1 The defendant stresses the contradictory statements of the witness Brandt concerning the defendant's possession of a knife. Shortly after the incident on April 22, 1977, Brandt made a statement that he was not sure that the defendant had a knife. Some months later in court he testified that the defendant pulled a knife after the victim had been knocked down and beaten. Assuming that Brandt's testimony concerning the defendant's possession of a knife was impeached, it does not follow that the defendant did not violate a condition of his probation. A portion of the petition filed praying for revocation stated that the defendant violated a condition of his probation by causing bodily harm to the victim by striking him in the head with his fist and kicking him. All but one of the witnesses testified that a fight had occurred, and several testified as to the defendant hitting and striking the victim Noel.
The defendant relies upon two cases as being of precedential value for determining that the evidence was insufficient to support the trial court's finding that the defendant had violated a condition of his probation. The first cited is People v. Dwyer (1965), 57 Ill. App.2d 343, 206 N.E.2d 113. We fail to see the applicability of Dwyer to the instant case. In Dwyer this court adhered to the well-established rule that in a proceeding to revoke probation the State was required to prove by a preponderance of the evidence that the defendant had violated provisions of his probation order. This court in Dwyer then reversed a trial court's order of revocation because there was uncontradicted testimony that the defendant was unaware of the fact that someone else had put the tire in the trunk of his car, which he was accused of stealing. In Dwyer there was other uncontradicted testimony that the defendant was unaware of the fact that someone else had placed cans of beer in a cooler located in his automobile. There were further in Dwyer problems of improper notice to the defendant as to the charges against him. In summary, Dwyer was a case where there were procedural problems, and the testimony of the defendant was uncontradicted. The defendant's reliance on Dwyer is ill placed since the case is clearly distinguishable from the instant case.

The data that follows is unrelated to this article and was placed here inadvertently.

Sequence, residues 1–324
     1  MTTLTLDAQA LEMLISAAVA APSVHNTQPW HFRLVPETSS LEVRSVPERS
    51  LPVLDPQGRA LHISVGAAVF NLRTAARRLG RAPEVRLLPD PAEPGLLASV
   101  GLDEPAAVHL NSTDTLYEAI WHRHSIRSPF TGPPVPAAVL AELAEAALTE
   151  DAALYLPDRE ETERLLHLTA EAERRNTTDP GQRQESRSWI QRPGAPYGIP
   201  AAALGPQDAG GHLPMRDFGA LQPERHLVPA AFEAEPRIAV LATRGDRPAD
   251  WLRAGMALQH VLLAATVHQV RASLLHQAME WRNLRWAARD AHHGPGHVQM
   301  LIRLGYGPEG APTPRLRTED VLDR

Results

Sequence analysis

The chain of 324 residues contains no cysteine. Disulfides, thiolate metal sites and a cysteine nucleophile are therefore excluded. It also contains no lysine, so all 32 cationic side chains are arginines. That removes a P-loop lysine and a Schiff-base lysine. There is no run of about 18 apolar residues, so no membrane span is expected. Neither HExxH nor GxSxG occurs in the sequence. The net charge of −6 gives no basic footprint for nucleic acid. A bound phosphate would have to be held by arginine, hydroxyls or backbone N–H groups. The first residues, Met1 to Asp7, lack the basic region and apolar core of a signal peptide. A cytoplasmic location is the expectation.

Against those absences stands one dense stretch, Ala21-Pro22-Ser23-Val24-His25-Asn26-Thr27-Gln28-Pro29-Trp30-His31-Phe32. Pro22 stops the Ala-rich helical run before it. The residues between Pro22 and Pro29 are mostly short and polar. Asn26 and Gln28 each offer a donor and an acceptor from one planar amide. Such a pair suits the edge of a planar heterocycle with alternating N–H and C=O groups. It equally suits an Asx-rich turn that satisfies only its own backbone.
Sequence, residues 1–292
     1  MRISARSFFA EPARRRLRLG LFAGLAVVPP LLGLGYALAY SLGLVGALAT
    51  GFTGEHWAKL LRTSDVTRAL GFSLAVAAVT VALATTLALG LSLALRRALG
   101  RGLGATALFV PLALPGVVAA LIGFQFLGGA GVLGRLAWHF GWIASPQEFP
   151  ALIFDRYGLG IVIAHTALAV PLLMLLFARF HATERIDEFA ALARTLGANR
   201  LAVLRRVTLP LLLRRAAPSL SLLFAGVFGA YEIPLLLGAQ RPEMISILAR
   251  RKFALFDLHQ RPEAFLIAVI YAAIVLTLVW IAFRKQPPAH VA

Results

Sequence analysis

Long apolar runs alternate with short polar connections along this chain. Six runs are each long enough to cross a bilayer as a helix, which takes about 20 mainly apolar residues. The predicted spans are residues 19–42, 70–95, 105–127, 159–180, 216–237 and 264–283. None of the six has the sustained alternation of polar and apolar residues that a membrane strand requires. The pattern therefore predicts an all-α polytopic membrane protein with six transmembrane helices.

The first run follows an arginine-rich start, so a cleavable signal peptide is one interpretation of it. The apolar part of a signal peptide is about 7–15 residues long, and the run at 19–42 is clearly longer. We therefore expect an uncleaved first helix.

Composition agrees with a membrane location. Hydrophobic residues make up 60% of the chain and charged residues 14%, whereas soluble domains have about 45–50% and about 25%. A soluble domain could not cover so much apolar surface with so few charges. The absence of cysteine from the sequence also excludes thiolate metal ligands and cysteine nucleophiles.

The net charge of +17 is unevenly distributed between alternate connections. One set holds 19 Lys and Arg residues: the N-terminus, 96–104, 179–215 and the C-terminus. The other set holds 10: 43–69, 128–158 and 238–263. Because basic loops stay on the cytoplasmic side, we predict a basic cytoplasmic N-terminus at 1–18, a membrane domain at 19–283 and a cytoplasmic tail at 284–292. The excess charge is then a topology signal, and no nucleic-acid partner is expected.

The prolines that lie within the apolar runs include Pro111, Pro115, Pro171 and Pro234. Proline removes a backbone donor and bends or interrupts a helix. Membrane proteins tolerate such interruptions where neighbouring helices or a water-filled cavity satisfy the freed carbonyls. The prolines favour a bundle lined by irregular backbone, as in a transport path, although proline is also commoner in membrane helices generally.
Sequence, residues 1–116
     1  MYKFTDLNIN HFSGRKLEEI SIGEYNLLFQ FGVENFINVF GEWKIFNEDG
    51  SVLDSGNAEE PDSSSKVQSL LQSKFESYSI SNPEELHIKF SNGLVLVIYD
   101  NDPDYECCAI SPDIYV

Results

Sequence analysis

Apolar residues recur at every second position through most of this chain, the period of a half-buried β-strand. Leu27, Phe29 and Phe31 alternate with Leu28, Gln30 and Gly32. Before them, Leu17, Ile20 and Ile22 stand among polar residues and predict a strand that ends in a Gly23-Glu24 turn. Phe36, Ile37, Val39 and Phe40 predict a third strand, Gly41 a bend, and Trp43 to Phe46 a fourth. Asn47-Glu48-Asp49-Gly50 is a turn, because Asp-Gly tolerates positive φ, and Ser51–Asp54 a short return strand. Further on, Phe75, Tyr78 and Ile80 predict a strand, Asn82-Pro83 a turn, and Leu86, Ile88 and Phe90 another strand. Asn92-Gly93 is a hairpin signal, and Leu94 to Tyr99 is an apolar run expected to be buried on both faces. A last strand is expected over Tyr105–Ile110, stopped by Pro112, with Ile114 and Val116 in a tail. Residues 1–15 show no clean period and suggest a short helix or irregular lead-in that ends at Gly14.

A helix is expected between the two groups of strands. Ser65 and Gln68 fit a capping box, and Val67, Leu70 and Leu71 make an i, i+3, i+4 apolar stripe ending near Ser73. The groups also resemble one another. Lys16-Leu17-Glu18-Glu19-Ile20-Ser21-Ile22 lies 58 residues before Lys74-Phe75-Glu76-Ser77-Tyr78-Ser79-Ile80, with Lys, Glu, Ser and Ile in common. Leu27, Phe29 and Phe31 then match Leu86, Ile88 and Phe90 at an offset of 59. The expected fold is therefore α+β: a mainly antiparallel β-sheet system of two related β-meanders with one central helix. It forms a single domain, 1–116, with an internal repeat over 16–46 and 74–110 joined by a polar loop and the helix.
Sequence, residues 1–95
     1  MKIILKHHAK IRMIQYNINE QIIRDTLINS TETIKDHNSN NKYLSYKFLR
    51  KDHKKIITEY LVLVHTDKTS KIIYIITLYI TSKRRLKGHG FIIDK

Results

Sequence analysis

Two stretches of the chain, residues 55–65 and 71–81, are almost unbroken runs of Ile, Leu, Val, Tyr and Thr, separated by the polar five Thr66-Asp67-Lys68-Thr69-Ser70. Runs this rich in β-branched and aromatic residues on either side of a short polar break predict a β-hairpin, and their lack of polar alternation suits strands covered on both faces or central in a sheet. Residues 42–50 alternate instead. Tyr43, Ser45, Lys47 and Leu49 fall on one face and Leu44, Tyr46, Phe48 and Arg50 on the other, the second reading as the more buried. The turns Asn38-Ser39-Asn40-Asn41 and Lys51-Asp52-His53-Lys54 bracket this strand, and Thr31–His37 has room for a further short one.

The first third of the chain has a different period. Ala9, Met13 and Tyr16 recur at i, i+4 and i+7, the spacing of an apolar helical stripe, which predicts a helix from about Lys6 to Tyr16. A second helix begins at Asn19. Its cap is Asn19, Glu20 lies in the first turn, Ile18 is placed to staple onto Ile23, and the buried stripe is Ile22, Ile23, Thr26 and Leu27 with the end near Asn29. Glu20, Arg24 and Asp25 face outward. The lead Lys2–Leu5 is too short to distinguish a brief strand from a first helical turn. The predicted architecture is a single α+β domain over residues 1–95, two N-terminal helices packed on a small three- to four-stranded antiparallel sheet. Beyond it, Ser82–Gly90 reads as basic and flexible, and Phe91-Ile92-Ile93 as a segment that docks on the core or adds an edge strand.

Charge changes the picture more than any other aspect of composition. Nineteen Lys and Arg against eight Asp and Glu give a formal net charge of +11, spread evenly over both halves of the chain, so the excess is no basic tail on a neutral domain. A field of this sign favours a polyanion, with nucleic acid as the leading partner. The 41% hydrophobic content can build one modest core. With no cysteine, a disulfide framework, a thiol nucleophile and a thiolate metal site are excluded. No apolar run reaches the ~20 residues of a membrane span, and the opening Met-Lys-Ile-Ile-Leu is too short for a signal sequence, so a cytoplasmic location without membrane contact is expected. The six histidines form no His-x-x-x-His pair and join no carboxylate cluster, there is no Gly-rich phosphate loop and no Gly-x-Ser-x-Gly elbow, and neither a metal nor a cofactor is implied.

The defendant also relies on the holding in People v. Arroyo (1969), 112 Ill. App.2d 480, 251 N.E.2d 409, as requiring a reversal of the trial court's order revoking the defendant's probation. We do not so read Arroyo, since in that case the defendant's probation was revoked by the trial court on the testimony of a self-confessed co-conspirator who while on the witness stand directly contradicted the material substance of his testimony. In the instant case a co-conspirator's testimony is not present, nor was the testimony of any witness of a vacillating nature. Also in Arroyo the self-confessed co-conspirator was the only witness connecting the defendant with the offense, while in the instant case several witnesses testified as to the defendant's involvement in the fight.
2 The defendant calls attention to the fact that during the revocation hearing the victim Noel was not called to testify. We know of no requirement, nor has any been cited to this court, to the effect that a victim of a criminal attack must testify in order to sustain a conviction of the attacker. It is not difficult to envision many situations where such a victim would be unable to identify his assailant. The failure of a victim to testify is merely another factor which the trier of fact must consider and weigh in arriving at its decision.
Lastly, the defendant asserts that he was denied his constitutional right to a speedy trial.
3, 4 The defendant specifically complains of the two-month delay which ensued between the time of the incident and the filing of the petition to revoke probation. In People v. Whitt (1974), 16 Ill. App.3d 824, 306 N.E.2d 882, this court addressed itself to the "delay" question being raised by the defendant. In Whitt it was held that a delay of eight months from the commission of an offense to the hearing on the petition for revocation of probation did not constitute a deprivation of the defendant's constitutional rights. The period of "time" standing alone is not the single and controlling factor to be considered in determining whether a defendant's rights have been violated. The test is whether the delay in any way prejudiced the defendant.
5 In the instant case it cannot be concluded that the defendant was prejudiced by the two-month delay. The defendant became embroiled in a situation which we have heretofore referred to as a "melee." A number of people were participants or spectators. It was necessary for the police to conduct a lengthy investigation and the services of a grand jury were utilized. There was difficulty in locating witnesses, some of whom had left the jurisdiction of the court. It is noted that counsel for the defendant asked for and received continuances for the purpose of continuing an investigation necessary for the proper defense of the defendant. It could well be argued that the complained of "delay" was a benefit to the defendant rather than a detriment to him.
It is significant that the record discloses that all defense witnesses testified they had "no trouble remembering" the events that transpired at the birthday party which erupted into a fight.
The record fails to yield any support for a finding that the complained of delay caused prejudice to the defendant, and this allegation is without merit.
For the reasons stated the judgment of the circuit court of Tazewell County revoking the defendant's probation and the sentence imposed thereof are affirmed.
ALLOY and BARRY, JJ., concur.